While it may not be etched in the memories of other Americans like the assassination of John F. Kennedy, I can still remember where I was when I heard that Martin Luther King Jr. had been gunned down 43 years ago today on the balcony of a hotel in Memphis, Tenn.
I was a seventh grader at Seneca High School in Louisville, Ky. and was distraught that I wasn't able to go to school after fainting in the bathroom on the morning of my birthday. I can't remember what kind of sickness I had, but I was laying in the darkness of my parents' bedroom listening to the radio when the report of King's death came in. While I may not have appreciated King's place in the world at that time, I had a hint of his significance or I wouldn't have been so dismayed to hear the news.
Perhaps it was his "I Have a Dream'' speech that moved me. My family was one of those that never missed the nightly news and my mother constantly had the television tuned to the "Today Show'' in the mornings.
There have been notable sports events on April 4. What stands out to me was Jim Valvano's N.C. State team upsetting Phi Slamma Jamma Houston in 1983 and Wayne Kirby's 11th-inning heroics in the Indians' 4-3 victory over the Mariners in 1994 that christened Jacobs Field. But in my lifetime, the most memorable day in history came when the world lost Dr. King in Memphis.
Other things I want to get off my chest:
- While I grew up in Kentucky and loved the Wildcats during the days of Dan Issel and Pat Riley, I couldn't bring myself to root for UK coach John Calipari against UConn on Saturday night. I'm not the only one. Of the Louisville die-hard Ridenour family watching together in the Bluegrass State, only 1 of 4 supported the Big Blue. I realize some believe UK vs. UConn was the cheater bowl, I'm still smitten with Huskies guard Kemba Walker and hope he has something left tonight against Butler. I also loved the story about Walker performing at the Apollo Theater as a dancer when he was a child. (My rooting interest has nothing to do with the fact that I picked UConn to win it all in one of my three brackets on ESPN.com. Amazing though, that I'm in the 97th percentile with only one Final Four team alive.)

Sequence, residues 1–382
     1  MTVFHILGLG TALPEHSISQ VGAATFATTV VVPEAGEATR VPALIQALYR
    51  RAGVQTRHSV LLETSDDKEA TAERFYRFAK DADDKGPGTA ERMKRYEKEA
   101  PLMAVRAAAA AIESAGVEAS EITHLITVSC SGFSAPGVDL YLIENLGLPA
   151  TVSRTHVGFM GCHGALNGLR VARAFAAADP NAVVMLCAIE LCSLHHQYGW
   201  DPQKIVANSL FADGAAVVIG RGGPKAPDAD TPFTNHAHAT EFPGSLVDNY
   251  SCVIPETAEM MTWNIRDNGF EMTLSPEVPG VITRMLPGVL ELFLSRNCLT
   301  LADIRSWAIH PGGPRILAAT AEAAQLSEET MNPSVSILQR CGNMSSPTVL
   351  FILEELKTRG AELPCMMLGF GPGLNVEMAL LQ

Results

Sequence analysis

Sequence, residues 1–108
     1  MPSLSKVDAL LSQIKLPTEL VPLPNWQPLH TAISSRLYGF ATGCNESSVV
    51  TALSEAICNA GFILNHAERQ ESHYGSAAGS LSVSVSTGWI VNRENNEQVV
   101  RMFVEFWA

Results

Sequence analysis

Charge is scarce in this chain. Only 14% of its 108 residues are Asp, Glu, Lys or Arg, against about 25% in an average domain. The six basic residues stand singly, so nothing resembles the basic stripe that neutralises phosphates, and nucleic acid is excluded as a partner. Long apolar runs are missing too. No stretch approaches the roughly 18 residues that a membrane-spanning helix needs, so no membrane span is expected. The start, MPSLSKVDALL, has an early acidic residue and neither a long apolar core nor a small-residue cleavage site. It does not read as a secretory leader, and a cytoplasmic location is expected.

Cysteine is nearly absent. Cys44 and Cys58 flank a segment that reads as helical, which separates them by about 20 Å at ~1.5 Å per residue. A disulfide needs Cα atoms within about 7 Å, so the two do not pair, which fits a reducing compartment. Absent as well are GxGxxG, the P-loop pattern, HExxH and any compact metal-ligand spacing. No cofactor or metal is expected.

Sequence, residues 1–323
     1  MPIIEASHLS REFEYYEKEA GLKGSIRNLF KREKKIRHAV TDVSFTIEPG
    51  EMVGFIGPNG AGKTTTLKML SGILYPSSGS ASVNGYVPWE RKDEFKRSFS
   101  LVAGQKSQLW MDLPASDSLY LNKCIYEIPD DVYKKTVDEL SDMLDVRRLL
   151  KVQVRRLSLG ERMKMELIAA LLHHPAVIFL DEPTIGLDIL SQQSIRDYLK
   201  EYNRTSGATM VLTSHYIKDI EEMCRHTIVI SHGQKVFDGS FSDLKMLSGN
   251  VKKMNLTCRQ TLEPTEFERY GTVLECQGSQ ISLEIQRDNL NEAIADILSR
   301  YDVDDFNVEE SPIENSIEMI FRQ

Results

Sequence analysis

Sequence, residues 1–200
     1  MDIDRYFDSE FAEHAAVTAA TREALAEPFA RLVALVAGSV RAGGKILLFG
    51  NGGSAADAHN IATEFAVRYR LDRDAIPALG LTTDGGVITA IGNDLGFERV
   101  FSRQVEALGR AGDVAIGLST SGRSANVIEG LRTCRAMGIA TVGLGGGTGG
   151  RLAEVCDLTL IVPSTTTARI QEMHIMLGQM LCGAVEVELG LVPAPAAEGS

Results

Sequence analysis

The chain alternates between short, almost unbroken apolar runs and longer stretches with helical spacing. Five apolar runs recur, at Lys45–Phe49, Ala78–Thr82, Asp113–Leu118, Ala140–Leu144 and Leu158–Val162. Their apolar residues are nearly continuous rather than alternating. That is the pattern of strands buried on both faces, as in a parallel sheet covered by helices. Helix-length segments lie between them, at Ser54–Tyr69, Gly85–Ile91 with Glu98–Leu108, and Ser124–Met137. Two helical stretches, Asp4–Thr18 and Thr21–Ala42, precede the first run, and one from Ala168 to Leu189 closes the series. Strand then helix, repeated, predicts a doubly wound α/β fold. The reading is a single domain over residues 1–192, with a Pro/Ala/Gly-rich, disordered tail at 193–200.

- Butler and VCU getting to the Final Four and proving they belonged there should give hope to other s0-called mid-major schools. With so many one-and-dones at the major programs, the NCAA Tournament may see parity as never before.
- Count me as one of those who believes Jared Sullinger knew what he was saying when he vowed after Ohio State's loss to Kentucky that he was coming back for his sophomore season. Some NBA writers think Sullinger would go much higher this year than next, when the draft class is expected to be deeper. But in the brief encounters I had with Sullinger during the NCAA Tournament in Cleveland, he appeared to be a fun-loving young man who truly enjoyed the college experience and was in no rush to reach the NBA. He may be costing himself millions if he slips from the fifth pick in 2011 to the 10th in 2012. Apparently he doesn't care.
- To me the comparison of Sullinger to OSU's Mike Conley Jr. in 2007 doesn't fit. Conley said he was staying after the championship game loss to Florida, only to declare for the draft. But Conley said later he had no idea he could be the fourth overall pick in the draft (by Memphis) when he said he was staying.
- Although I realize Bradley Universisty made Geno Ford an offer he couldn't refuse (a raise from $300,000 to $700,00o in base salary), I wish he had called director of athletics Joel Nielsen back on March 27 to tell him the deal was done. I also wish the Golden Flashes' players hadn't found out about it on Twitter or on the Bradley U. web site.
- Phil Mickelson shot 16-under par Saturday and Sunday to win the Houston Open by 3 strokes. His 63 on Saturday was his best round in two years. That makes this week's Masters all the more interesting. While Mickelson's focus has been spotty of late, he's the last player to win the week before the Masters and capture the green jacket. That happened in 2006, when he claimed the BellSouth Classic and won his second Masters.
- Jack Nicklaus fans should get ready for a media blitz of memories on the 25th anniversary of his 1986 victory at Augusta.
- "What's happened since -- I don't care where I go -- I always run into somebody and (they) say, 'I was in an airport in '86 and I cancelled my airplane and sat there and watched it because I couldn't leave.' Or 'I had to do this or I had to do this or I had to stop this or I had to stop that,''' Nicklaus said on March 2. "Amazing the number of people that just told me those kind of stories. I said, 'You've got to be kidding. Pandel Savic, my close friend I stayed with, he got in the airplane and left.' It was a neat win and one that I guess nobody really expected me to be in contention at that point in my career, particularly even me. I had not really prepared all that great for it that spring. But once I got myself in contention, muscle memory and knowing how to play golf came back.''
- ESPN will air a one-hour documentary on the historic Nicklaus victory on Wednesday at 6 p.m.
- A response from Circle K about its new Strikeout Meter in Progressive Field after I mentioned there was nearly not enough room after the White Sox whiffed 14 times on Friday. "After the 14th strikeout it goes back to the beginning and a number 14 drops down,'' a company spokesman said.
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